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Damn fine carpets they had here, anyway.
For some reason that was the first conscious thought Ebreth found himself with, standing there in the otherworld hallway. Part of him still couldn’t believe he’d gotten so blasé about interplanar travel that the interior decorating of a place like this could catch his attention more than the staggering strangeness of being there in the first place. But it was the middle of the night, and just about anything seemed plausibly routine to Ebreth in the groggy moments between awake and asleep. He was still in his bathrobe, and the carpet was unusually plush under his bare feet. Ebreth Tor didn’t know what the hell was going on here, but he knew a good carpet when he stood on it.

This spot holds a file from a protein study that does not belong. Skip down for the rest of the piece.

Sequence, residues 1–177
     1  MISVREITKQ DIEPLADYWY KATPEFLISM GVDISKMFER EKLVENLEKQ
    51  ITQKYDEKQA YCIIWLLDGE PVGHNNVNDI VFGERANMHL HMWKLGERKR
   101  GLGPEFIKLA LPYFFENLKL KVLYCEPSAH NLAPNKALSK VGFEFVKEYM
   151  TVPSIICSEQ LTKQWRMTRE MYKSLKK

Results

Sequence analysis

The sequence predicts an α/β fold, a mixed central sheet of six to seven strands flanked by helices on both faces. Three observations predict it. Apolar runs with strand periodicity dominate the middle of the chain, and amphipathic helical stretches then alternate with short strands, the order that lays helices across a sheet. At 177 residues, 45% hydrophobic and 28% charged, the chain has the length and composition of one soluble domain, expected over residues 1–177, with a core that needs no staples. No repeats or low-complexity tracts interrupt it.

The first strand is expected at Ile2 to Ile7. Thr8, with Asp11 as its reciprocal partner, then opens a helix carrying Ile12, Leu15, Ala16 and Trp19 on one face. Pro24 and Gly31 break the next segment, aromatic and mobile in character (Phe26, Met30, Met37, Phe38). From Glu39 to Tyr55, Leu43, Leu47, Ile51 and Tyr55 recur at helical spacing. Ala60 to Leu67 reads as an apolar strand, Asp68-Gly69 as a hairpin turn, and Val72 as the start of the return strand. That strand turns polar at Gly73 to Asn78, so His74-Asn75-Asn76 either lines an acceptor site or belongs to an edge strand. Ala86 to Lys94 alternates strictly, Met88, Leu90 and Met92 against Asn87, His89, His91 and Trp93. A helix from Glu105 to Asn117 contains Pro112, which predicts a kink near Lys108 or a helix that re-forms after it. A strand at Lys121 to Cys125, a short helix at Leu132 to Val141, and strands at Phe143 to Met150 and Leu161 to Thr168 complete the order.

Brett was there then, suddenly. Not the kind of appearance from nowhere that made teleportation so unsettling, more like she’d been there all along and Ebreth just hadn’t noticed her for some reason. “Welcome to the Hotel,” she said.
“Right,” said Ebreth, rubbing his eyes. “Are you going to tell me what this is about now, Brett?”
“I’m not really Brett,” she said.
“You’re not?” He squinted at her in confusion. Something about her did look different, but he couldn’t put his finger on it. “But you were just standing with me... on the porch.” She shook her light head. “Well, then who are you?”
“Your destiny,” she said.
“If I had a dime for every woman who tried to tell me that,” Ebreth said.
“You’d be able to buy yourself a better jokewriter.” She looped her arm through his. He realized, suddenly, what was different about her: her hair wasn’t wet. “Come with me.”
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